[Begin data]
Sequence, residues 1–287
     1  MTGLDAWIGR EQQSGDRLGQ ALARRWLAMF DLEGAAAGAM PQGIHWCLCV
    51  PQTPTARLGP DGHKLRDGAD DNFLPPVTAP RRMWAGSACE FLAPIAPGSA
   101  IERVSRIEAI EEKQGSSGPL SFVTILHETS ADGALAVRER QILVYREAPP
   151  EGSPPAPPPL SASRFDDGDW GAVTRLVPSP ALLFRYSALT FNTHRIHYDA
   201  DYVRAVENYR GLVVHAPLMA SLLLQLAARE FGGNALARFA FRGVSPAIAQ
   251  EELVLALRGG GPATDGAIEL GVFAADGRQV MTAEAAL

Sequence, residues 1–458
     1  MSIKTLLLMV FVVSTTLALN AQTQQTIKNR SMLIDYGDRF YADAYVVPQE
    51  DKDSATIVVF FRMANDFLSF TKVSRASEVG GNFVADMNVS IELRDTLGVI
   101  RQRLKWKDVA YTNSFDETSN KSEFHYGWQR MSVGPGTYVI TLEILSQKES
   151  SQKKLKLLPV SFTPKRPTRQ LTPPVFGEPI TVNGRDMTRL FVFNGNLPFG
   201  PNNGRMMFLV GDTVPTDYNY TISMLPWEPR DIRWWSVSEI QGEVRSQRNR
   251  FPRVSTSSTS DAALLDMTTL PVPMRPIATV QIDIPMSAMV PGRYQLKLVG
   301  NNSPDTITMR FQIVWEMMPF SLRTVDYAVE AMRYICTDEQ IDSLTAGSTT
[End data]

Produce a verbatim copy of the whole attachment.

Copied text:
Sequence, residues 1–287
     1  MTGLDAWIGR EQQSGDRLGQ ALARRWLAMF DLEGAAAGAM PQGIHWCLCV
    51  PQTPTARLGP DGHKLRDGAD DNFLPPVTAP RRMWAGSACE FLAPIAPGSA
   101  IERVSRIEAI EEKQGSSGPL SFVTILHETS ADGALAVRER QILVYREAPP
   151  EGSPPAPPPL SASRFDDGDW GAVTRLVPSP ALLFRYSALT FNTHRIHYDA
   201  DYVRAVENYR GLVVHAPLMA SLLLQLAARE FGGNALARFA FRGVSPAIAQ
   251  EELVLALRGG GPATDGAIEL GVFAADGRQV MTAEAAL

Sequence, residues 1–458
     1  MSIKTLLLMV FVVSTTLALN AQTQQTIKNR SMLIDYGDRF YADAYVVPQE
    51  DKDSATIVVF FRMANDFLSF TKVSRASEVG GNFVADMNVS IELRDTLGVI
   101  RQRLKWKDVA YTNSFDETSN KSEFHYGWQR MSVGPGTYVI TLEILSQKES
   151  SQKKLKLLPV SFTPKRPTRQ LTPPVFGEPI TVNGRDMTRL FVFNGNLPFG
   201  PNNGRMMFLV GDTVPTDYNY TISMLPWEPR DIRWWSVSEI QGEVRSQRNR
   251  FPRVSTSSTS DAALLDMTTL PVPMRPIATV QIDIPMSAMV PGRYQLKLVG
   301  NNSPDTITMR FQIVWEMMPF SLRTVDYAVE AMRYICTDEQ IDSLTAGSTT